It's important to look beyond these funds' label and understand what is in the tin.
A version of this article appeared in the July 2017 issue of Morningstar ETFInvestor. Download a complimentary copy of ETFInvestor here.
Exchange-traded products that are labeled with the "dividend-screened/weighted" attribute within Morningstar's strategic-beta taxonomy represent the largest contingent of this universe as measured by assets under management. As of the end of May 2017, these funds collectively held $162 billion of investors' assets. This represents 26% of the $620 billion in the broader strategic-beta group.
This group has been growing at a blistering pace in recent years. During the trailing decade, dividend-oriented ETPs have attracted nearly $117 billion in new assets.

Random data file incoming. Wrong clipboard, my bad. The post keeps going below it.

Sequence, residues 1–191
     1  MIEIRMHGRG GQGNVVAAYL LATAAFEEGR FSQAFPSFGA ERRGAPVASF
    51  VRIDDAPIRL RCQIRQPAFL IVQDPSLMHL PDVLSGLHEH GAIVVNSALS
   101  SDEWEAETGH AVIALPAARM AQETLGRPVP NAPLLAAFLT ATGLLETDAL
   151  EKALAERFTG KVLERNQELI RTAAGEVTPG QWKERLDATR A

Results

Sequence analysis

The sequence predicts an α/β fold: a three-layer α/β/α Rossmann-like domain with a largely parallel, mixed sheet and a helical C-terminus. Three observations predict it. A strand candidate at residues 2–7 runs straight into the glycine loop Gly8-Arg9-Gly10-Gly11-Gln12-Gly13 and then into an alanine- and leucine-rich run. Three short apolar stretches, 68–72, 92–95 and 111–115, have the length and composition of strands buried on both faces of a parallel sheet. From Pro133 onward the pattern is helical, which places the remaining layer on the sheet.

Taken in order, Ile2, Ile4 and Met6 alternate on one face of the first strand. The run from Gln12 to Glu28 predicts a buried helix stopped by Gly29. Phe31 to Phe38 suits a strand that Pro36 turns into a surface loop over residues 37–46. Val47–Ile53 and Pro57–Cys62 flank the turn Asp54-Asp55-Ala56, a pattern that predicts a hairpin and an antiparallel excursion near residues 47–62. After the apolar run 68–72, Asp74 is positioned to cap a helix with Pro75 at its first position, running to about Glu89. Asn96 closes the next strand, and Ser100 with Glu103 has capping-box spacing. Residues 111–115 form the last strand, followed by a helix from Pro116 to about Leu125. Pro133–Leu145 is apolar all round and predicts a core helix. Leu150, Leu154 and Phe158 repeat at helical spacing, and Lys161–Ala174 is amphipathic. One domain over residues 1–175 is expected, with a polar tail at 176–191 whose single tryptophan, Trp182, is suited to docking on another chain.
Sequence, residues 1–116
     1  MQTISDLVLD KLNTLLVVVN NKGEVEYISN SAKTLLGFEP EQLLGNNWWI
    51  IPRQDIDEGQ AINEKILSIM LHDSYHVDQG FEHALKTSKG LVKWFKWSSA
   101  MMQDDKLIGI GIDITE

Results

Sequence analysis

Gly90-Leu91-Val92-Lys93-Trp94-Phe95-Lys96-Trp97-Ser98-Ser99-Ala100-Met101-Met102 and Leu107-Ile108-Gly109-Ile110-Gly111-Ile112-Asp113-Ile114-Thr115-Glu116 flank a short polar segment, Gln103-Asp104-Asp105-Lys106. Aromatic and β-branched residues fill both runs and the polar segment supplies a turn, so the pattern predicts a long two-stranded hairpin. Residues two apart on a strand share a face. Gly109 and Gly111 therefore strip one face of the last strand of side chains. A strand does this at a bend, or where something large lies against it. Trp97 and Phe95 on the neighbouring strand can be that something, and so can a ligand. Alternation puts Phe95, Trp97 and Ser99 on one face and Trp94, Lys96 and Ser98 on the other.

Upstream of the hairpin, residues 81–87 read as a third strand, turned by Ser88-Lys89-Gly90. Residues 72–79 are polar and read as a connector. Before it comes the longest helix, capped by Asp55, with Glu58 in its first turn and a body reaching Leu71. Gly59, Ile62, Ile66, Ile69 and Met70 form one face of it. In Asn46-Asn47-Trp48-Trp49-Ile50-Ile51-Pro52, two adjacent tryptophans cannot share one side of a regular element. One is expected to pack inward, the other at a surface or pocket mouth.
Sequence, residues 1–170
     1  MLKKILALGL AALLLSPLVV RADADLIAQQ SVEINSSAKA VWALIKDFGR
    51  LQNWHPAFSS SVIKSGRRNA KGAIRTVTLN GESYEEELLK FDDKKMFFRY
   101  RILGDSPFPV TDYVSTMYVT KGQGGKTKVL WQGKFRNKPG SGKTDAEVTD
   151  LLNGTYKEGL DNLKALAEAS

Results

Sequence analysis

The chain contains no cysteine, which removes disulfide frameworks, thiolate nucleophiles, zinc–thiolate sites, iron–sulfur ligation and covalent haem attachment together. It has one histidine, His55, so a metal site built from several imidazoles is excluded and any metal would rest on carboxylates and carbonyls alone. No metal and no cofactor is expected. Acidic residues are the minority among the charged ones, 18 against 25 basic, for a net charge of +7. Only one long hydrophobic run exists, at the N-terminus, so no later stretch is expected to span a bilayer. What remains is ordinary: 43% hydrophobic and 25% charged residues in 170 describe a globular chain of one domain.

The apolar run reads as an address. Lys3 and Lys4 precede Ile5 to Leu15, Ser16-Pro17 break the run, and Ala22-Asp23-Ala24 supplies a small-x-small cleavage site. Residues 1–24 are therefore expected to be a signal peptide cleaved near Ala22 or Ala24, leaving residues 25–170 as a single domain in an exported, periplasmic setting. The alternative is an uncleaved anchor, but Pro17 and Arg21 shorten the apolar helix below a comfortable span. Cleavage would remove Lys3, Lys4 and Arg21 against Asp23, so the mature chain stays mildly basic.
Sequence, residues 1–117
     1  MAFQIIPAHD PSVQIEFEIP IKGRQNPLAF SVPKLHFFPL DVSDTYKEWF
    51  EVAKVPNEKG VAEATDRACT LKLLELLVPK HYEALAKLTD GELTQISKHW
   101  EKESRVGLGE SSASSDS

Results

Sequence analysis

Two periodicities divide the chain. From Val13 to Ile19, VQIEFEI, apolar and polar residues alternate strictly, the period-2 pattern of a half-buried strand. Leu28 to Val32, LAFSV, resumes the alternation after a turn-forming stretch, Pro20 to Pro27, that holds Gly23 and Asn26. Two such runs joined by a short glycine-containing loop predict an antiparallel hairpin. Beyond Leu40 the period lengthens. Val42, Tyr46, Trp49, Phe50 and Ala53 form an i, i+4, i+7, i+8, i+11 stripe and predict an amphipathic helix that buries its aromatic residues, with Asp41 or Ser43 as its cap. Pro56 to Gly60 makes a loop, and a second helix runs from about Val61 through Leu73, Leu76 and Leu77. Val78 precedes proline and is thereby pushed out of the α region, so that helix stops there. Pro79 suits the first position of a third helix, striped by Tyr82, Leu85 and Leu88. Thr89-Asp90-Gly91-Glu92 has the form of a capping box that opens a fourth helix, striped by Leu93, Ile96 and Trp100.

This should come as little surprise in the context of the prevailing interest-rate regime and the secular upward trend in demand for sources of investment income, as the first waves of baby boomers have entered retirement.
Asset managers have taken notice, and product proliferation is in full swing. Of the 158 dividend-screened/weighted ETPs that exist today, more than half are less than five years old (see Exhibit 2). As the menu of dividend-oriented ETPs expands, it is important that investors understand that not all dividend ETPs are created equal. Each has its own unique characteristics, which stem from important--albeit often nuanced--differences in the methodologies of their underlying benchmarks. Understanding three key characteristics of these funds can help investors make more-informed choices. To help you better discern the distinctions between these funds, I will focus on three specific characteristics: dividend yield, dividend growth, and dividend sustainability.